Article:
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By Madeline | February 13, 2008

The wealth of the upper class was often determined by the amount of property they had as well as the amount of servants they owned.  The average upper class family owned anywhere from 100-200 servants.  These servants performed specific tasks, such as the woman who cleaned the floors to the boys who hauled water to the woman who ran the garden, etc.  Literally every task had one person assigned to it. Some servants purpose was to serve a servant of higher status!  The reason so many servants was a grand display of wealth was directly linked to the cost of having a servant!  Not only did the servants have to be paid a salary, but they also had to be clothed in the family’s livery and fed.  Could you imagine supporting 200 mouths on a daily basis?  No wonder Hampton Court had 3 kitchens! 

The amount of servants was another reason why homes during the Tudor era were so extremely large.  There had to be room for all these servants to sleep, though they never had their own room.  If there was a room for servants, they all slept tight together and the less fortunate lowly servants often slept on the floor in the great hall.  The servants who attended the courtiers at court often times didn’t even get the opportunity to sleep in the great hall, but actually slept in the hallways near the doors of their masters and mistresses. 

Many belonging to the upper class owned more than one property.  When this was the case, many actually left their servants at each property to maintain it while they travelled around, traveling only with a ’skeleton crew’ of servants - the main ones who were closest to the family.  Even though the families were not living at the property, the tasks were still performed and the servants still had to be paid and fed.  I cannot even imagine the expense this must have incurred!  If I had another property today, I probably wouldn’t even pay to have the utilities left on!!! 

Servants did not wear the grand attire that the nobles did.  Women did not wear the farthingales and stiffened bodices of the wealthy.  Their style of dress was much more simpler, though not because they couldn’t afford such finery (although they most likely couldn’t!) but because they needed comfortable clothes to work in.  The layers of garments that the wealthy wore often times left them very stiff.  The more grand and jewel encrusted the garment, the more difficult movement was, let alone the free range of movement sweeping or cleaning dishes requires!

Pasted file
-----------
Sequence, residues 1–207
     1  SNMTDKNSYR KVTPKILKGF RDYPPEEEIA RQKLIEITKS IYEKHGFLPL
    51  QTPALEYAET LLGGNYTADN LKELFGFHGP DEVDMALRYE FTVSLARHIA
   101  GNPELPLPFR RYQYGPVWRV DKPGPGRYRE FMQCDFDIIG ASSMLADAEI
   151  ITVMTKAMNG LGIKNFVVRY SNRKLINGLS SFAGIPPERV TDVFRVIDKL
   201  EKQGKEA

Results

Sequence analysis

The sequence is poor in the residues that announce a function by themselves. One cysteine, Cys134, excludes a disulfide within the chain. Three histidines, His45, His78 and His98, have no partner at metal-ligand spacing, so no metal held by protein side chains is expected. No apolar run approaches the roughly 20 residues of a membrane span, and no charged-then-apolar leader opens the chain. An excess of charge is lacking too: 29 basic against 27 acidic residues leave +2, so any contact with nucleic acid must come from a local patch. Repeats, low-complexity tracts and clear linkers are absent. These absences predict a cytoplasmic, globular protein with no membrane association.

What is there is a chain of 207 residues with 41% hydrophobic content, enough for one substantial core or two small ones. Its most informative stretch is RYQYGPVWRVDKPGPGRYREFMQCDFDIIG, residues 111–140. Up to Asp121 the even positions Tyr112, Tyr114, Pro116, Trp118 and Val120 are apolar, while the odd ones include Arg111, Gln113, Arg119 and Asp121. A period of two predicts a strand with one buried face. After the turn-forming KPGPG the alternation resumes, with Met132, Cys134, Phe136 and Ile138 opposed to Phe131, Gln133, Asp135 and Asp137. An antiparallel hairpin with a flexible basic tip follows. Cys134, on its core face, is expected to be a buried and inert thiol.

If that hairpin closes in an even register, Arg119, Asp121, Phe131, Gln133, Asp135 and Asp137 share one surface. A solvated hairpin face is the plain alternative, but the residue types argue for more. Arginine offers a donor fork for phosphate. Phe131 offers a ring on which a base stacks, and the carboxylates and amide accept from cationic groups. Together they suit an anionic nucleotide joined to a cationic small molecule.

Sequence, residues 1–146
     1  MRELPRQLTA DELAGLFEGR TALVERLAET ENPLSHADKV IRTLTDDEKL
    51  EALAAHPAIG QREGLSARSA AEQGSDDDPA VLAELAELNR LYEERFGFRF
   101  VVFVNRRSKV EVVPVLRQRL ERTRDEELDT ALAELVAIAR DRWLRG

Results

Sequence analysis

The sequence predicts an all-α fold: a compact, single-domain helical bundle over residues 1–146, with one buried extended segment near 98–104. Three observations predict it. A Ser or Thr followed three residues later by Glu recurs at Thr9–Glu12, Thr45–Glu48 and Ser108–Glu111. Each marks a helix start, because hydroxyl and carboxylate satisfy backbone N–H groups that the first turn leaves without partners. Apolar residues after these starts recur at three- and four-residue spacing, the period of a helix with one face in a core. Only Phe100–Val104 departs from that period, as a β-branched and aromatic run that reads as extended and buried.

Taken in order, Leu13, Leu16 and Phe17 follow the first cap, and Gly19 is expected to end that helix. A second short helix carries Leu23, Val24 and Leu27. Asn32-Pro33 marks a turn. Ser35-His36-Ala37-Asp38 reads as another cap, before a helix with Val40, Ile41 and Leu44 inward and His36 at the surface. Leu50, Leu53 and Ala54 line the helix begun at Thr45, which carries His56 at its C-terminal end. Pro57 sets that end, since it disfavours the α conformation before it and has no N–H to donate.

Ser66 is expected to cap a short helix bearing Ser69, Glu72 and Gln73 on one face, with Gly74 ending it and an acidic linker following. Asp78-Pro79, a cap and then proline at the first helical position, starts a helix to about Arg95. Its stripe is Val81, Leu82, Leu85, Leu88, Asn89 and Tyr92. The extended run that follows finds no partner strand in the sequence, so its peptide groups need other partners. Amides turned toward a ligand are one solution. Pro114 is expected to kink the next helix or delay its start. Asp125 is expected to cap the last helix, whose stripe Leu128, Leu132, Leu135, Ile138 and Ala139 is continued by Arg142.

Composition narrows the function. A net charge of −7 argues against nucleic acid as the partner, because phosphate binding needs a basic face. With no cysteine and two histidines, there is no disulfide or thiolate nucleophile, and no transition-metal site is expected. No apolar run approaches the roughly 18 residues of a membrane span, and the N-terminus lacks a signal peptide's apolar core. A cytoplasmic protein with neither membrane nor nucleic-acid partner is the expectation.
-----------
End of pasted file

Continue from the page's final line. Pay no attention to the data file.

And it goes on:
In the mid 15th century is when the popularity of owning African children came into fashion.  Speculation is often made that the children were more popular as they were easier to train.  Many of the African children were treated more like little lap dogs than anything else.  They were dressed in brilliant and bright colors or plain white to accentuate their deep skin tone and were often given easy tasks such as holding a ladies long hem up from puddles, etc. 

African children were not the only ones subjected to losing their families to the desires of the rich.  English children were oftentimes sold into servitude as well, especially in large families where they could not afford to feed all of their children.  Although, the life of a servant was a more desirable one than that of a vagrant who was seen as the lowest form in society. 

The king’s servants were unlike any others that the nobles owned - they were the nobles!  The people who waited on the king and queen were selected from their close group of peers and were usually awarded great titles with their new stations (that also included large salaries as well).  These servants performed many tasks for the royal family, including helping to dress and undress them, helping to bathe them, preparing their beds, etc.  Although the more rigorous tasks were performed by their servants who always accompanied the courtiers at court.  Because of the amount of servants each person ‘needs’, it was not uncommon for court to contain 2,000 people at any given time.  Incredible!

I have to say that one of the more interesting things I discovered in doing research for this piece is the number of servants that each person owned.  I can’t imagine the amount of money that must have gone into maintaining such a large household.  So, where exactly did the nobles get the money to support such an extravagant expense?  Maybe that will be my next article!  ;)

Topics: Tudor Era |

One Response to “Servants”

  1. Tom Humes Says:
    February 13th, 2008 at 10:14 am

    I found your site on technorati and read a few of your other posts. Keep up the good work. I just added your RSS feed to my Google News Reader. Looking forward to reading more from you.

    Tom Humes


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